Standing up for European Principles On Human RightsTuesday 03/10/2017

Now More Than Ever:

Summary: Decision Action Still Needed

Four years ago, an audit by the European Court of Auditors (ECA) noted serious irregularities in funds distributed to the Palestinian Authority, especially aid grants remitted to ‘workers’ in Gaza who could not show evidence of employment. Transparency International reported widespread irregularities and likely corruption throughout the payment system in a 2016 report.

Overall, while some modest improvements have been noted, decisive EU action to mandate adequate accounting checks and, where necessary, impose appropriate penalties for non-compliance remains essential.

The 2012 ECA Report on Aid to Workers in Gaza

In late 2012, the European Court of Auditors conducted an on-site study in Israel to verify the aid distribution mechanism from the EU through PEGASE to the Palestinian Authority (PA).  PEGASE describes itself as:

“… the European Union’s mechanism to support the Palestinian people through implementation of … the PA’s own Single Treasury Account (STA) or via direct payments to eligible companies and individuals in full transparency, co-operation and agreement with the PA.”

This illustration from the 2013 ECA report depicted the steps to be carried out by the PEGASE process:

In a key finding, the ECA report stated that:

“Pegase DFS has contributed to essential public services, but the audit found that in Gaza a considerable number of civil servants were being paid without going to work and providing a public service due to the political situation in Gaza. The Commission and the EEAS have not sufficiently addressed this problem.”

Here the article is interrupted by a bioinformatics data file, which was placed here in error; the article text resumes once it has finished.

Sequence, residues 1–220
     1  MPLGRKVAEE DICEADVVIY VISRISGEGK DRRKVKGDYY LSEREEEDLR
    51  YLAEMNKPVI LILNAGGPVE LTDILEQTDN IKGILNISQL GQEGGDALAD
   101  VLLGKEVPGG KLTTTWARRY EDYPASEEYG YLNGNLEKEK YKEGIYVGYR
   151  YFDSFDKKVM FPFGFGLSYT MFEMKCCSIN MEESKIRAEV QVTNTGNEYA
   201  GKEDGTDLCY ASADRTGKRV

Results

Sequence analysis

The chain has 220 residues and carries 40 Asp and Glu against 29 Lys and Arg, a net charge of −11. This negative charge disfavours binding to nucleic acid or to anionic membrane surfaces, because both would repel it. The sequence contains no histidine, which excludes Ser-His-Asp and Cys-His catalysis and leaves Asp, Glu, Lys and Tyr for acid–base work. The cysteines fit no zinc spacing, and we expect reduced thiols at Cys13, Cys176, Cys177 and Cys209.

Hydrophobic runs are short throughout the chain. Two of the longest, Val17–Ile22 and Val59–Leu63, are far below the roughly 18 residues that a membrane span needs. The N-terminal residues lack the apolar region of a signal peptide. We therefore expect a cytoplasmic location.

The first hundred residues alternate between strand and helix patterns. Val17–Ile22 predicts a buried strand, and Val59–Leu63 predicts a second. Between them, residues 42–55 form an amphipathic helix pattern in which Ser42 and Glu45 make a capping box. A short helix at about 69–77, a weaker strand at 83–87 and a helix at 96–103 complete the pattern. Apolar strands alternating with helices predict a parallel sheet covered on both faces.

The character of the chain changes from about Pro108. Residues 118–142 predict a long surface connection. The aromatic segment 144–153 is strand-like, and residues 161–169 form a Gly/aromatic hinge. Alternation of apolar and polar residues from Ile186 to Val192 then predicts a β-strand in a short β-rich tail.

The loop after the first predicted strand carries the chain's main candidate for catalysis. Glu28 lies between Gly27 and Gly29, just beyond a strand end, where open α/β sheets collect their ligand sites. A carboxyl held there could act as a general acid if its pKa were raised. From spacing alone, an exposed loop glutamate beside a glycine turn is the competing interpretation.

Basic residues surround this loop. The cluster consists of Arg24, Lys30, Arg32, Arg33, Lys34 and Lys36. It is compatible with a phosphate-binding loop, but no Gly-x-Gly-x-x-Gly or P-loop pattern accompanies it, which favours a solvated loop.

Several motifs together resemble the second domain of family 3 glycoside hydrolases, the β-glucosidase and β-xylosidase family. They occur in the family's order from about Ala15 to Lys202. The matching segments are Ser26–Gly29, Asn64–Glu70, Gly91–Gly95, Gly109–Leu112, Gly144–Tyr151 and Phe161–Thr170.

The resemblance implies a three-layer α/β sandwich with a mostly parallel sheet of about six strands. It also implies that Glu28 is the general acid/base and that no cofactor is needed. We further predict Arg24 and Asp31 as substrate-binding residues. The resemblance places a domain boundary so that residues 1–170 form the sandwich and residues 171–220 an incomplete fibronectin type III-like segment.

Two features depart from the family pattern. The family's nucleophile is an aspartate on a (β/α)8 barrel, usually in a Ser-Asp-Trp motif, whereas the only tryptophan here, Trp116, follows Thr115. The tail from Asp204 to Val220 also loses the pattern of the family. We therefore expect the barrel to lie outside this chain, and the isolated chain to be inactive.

Consequently, the ECA advised the EU to forge an agreement with the PA to cease civil servant payments in Gaza and transfer these to the West Bank, as well as to “apply conditionality to the future Pegase DFS, specifically by linking it to concrete progress by the PA on civil service reform.”

The EU Commission agreed to the latter recommendation on conditionality. However, the EU did not then accept the proposal to sever payments to civil service workers in Gaza.  Nevertheless, in February 2017, the decision was taken to shift funding of Gaza public employees in favor of direct aid to poor families. The Communication officer of the EU Commission,  Shadi Othman, positioned this to the Palestinian media as a minor change in procedure. In a separate interview, Othman opposed the conditionality provisions of the ECA recommendations as a form of ‘blackmail’ against the Palestinian people.


The 2016 Transparency International Report

On Illicit Enrichment of Palestinian Public Officials

Transparency International is a global NGO leading the fight against governmental corruption.  Sweden sponsored, though it did not necessarily concur with the conclusions reached in their report titled “Asset Declarations in Palestine: Illicit Enrichment and Conflicts of Interest of Public Officials.”